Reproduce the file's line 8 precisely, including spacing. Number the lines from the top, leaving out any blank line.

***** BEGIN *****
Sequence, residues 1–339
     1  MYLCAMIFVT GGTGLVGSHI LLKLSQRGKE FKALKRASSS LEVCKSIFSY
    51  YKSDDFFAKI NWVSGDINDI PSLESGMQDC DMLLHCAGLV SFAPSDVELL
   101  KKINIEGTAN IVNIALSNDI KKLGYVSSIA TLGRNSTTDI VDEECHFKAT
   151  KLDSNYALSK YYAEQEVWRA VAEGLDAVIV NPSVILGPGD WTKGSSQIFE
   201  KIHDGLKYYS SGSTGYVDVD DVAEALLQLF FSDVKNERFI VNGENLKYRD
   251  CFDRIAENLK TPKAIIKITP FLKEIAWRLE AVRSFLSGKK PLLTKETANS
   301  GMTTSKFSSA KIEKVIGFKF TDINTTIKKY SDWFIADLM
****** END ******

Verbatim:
   301  GMTTSKFSSA KIEKVIGFKF TDINTTIKKY SDWFIADLM